I completely agree. Whether your statement is on FB or in a real life conversation, asking someone where they'd obtained their information they are sharing is not rude nor is it having them do your work for you.
On Monday, I made a statement about a study I had read on effects of eggs and cholesterol in diabetics. My SIL asked me where I got the info. I told her I'd need to find it again and the next morning I sent her a link to the paper. I see no difference in making a request like she did from asking someone who has made a public statement on FB where they were able to obtain the info.
See I would tell the person "I got the info from xyz source." and leave it at that. If they want the info, they can find it themselves...unless it's a specialized source which they wouldn't have access to.
Note though that I said in my post that people I know cite their sources on FB in the original link. A friend of mine posted today a comment about a speech made at the DNC last night. He watched it live so there was no citation of any sort. I'm not going to ask him to link to it. It would be easier and faster, and IMO my responsibility, to look up a video of the speech myself.
Same if I were to mention an article in my local newspaper. I'm not going to hunt down a copy of the paper to give to a person who asks. I might give them a starting point of the paper, but then they are on their own. And actually I often say where I got things right off the bat. If they want further info, day or section, I might guess, but I won't be the one to look it up.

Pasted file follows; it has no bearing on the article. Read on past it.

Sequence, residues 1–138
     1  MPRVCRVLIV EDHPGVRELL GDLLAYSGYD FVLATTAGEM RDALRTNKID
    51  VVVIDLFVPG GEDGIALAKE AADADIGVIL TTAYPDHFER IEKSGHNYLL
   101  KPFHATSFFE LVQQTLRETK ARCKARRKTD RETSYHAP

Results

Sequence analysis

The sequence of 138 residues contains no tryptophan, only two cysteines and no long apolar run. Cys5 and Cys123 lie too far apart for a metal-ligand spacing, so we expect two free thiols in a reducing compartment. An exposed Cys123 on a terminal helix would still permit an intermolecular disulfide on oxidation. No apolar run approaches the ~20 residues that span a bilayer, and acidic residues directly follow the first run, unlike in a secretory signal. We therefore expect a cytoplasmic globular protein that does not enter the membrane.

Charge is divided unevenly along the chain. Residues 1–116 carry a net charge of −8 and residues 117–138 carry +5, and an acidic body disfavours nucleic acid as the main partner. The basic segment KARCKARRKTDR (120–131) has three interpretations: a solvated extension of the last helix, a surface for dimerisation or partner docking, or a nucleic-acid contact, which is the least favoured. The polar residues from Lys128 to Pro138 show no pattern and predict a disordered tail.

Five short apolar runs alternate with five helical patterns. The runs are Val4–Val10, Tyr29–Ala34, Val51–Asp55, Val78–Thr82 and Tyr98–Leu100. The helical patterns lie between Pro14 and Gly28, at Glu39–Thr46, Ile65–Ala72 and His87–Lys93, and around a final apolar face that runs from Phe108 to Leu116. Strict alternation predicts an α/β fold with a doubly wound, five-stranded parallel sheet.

Also notice that I said it was rude to ask. I just think it's lazy. I'd be inclined to respond with http://lmgtfy.com/
Most of the things you've described (like the speech) don't require much in the way of citation. There are, however, people who will make factual claims ("vaccinating gay
whales makes them exude chemtrails to lead the UN's black helicopters to our major cities where they're going to confiscate our tinfoil hats") without any evidence to back them up. The usual response is "[Citation needed]". They then come back with "I'm not going to do your research for you" which really means "I don't have a shred of evidence and I'm going to BS my way through this hoping you won't check up on me."
I certainly don't think it's lazy to ask someone to provide evidence for a claim that they've made. If they're not prepared to support it somehow, they shouldn't be making the statement in the first place. I think it's lazy (or often dishonest) to refuse, especially if the claim is out of the ordinary.
Claimant: "There are dozens of studies showing that eyebrow weaving causes cancer of the toenail"
Skeptic: "Great, can you cite a few of those so that I can learn about this?"
Claimant: "Look them up yourself. I'm not going to do your work for you!!!!"
Skeptic: "You made the claim, you need to prove it"
Claimant: "Look, a butterfly..."
... sometimes it continues
Skeptic: "Ok. I've done several searches and haven't found a single study that shows anything like that."
Claimant: "That's because the eyebrow industry is having them suppressed. You're just a shill for the eyebrow industry!!!!!!!!!"
I can point you at places where discussions like that are a daily occurrence.